The Beaumont Court of Appeals rejected both arguments of the criminal indictees. The Court of Appeals ruled that TOMA merely regulates the time, place, and manner of the political speech of governmental officials so that the public may observe deliberations in a transparent manner. Of course, Doyal, Riley, and Davenport have vehemently fought against any such transparency and had fought to have TOMA deemed unconstitutional.
What the criminal case against Doyal, Riley, and Davenport concerns: indictment
The indictment should speak for itself:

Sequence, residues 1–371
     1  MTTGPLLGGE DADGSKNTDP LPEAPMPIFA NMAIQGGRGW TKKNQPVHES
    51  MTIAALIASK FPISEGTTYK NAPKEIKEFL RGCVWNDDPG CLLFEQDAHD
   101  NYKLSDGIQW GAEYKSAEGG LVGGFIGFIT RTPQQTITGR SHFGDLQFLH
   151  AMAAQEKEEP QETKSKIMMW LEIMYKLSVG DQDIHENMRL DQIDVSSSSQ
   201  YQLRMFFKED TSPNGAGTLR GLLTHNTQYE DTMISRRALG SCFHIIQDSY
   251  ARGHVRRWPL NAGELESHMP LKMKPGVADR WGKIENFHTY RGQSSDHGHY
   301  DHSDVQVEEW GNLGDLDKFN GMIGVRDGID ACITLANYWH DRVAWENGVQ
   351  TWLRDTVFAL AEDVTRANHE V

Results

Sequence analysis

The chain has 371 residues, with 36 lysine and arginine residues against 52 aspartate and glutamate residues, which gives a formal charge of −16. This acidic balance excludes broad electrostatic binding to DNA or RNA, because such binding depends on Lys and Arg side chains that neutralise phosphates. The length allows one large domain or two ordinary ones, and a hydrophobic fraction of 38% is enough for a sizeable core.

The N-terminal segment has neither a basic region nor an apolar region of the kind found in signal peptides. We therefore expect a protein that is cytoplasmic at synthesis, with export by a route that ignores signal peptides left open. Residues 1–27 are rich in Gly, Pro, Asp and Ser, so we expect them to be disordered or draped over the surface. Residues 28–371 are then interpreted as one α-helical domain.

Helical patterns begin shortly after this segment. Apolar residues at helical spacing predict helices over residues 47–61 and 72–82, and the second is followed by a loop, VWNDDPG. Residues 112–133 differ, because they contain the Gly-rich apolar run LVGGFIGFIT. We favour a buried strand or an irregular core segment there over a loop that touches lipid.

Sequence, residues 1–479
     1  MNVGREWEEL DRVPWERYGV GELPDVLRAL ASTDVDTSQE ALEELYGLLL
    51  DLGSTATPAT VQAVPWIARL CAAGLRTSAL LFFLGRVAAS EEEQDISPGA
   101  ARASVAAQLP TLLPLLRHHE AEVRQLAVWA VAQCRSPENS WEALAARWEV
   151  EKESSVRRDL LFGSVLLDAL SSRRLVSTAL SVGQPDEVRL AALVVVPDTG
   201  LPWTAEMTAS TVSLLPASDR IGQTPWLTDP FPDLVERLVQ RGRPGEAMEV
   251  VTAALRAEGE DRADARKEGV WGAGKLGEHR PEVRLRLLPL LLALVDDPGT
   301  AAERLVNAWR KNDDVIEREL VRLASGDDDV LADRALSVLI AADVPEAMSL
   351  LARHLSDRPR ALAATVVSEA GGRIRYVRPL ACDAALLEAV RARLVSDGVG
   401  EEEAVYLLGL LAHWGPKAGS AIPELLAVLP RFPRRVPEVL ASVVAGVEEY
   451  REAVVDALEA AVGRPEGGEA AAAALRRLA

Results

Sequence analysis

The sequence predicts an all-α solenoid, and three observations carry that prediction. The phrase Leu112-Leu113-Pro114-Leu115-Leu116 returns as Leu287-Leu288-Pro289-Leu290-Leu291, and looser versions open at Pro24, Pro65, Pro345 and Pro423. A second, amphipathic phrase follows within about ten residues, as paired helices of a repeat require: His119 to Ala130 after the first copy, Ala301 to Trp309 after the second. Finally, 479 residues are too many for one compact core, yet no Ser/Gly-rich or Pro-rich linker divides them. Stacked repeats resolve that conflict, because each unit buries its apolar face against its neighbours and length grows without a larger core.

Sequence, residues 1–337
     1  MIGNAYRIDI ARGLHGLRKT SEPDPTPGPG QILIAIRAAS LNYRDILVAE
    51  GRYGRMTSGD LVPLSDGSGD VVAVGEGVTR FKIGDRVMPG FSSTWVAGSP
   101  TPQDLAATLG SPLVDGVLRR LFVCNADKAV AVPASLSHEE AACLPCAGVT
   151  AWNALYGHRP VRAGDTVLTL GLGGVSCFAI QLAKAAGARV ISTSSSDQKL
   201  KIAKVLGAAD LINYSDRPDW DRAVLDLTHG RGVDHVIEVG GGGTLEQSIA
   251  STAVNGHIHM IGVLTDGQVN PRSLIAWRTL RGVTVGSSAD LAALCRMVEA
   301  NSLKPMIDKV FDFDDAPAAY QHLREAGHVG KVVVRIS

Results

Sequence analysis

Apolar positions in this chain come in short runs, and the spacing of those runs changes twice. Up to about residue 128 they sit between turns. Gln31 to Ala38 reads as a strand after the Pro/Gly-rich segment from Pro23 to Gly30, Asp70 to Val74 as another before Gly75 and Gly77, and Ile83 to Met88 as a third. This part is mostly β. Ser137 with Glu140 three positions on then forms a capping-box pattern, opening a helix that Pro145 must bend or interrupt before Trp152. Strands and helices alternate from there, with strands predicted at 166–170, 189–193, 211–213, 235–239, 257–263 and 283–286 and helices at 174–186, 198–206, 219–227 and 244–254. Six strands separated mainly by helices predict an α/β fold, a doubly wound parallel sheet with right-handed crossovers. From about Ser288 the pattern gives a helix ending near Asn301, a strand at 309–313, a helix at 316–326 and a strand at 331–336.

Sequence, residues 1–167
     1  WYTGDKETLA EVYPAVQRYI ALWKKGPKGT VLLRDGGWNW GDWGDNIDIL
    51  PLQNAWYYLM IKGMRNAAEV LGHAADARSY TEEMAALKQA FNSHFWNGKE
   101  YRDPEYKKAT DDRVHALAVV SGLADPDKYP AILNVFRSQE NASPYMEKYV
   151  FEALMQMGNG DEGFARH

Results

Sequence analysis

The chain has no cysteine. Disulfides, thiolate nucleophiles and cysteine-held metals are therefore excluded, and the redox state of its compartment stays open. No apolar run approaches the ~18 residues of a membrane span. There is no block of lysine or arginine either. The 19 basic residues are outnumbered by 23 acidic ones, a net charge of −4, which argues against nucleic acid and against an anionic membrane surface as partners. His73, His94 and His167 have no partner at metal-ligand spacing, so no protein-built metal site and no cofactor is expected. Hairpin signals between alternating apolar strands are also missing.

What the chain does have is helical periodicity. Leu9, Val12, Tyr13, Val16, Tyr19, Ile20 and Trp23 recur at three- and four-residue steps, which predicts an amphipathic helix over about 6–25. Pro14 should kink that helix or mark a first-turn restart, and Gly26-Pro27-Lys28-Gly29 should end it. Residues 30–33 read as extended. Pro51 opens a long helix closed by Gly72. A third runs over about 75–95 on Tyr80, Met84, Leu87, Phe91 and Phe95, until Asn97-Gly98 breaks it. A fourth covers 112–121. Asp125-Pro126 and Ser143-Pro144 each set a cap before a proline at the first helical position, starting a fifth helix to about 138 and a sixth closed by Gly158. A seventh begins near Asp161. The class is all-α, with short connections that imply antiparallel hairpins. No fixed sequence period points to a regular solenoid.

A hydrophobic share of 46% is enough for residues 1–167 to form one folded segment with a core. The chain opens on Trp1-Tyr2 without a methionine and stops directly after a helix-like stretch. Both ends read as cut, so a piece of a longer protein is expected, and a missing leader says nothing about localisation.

“THE GRAND JURY, for the County of Montgomery, State of Texas, duly selected, empaneled, sworn, charged, and organized as such by the 221st Judicial District Court for said County, upon their oaths present in and to said Court that Craig Doyal [and Charlie Riley and Marc Davenport] on or about August 11, 2015 and continuing through August 24, 2015, and before the presentment of this indictment, in the County and State aforesaid, did then and there as a member of a governmental body, to-wit: the Montgomery County Commissioner’s Court, knowingly conspire circumvent Title 5, Subtitle A Chapter 551 of the Texas Government Code (herein after referred to as the Texas Open Meetings Act) by meeting in a number less than a quorum for the purpose of secret deliberations in violation of the Texas Open Meetings Act, to-wit: by engaging in verbal exchange concerning an issue within the jurisdiction of the Montgomery County Commissioners Court, namely, the contents of the potential structure of a November 2015 Montgomery County Road Bond, Against the Peace and Dignity of the State.”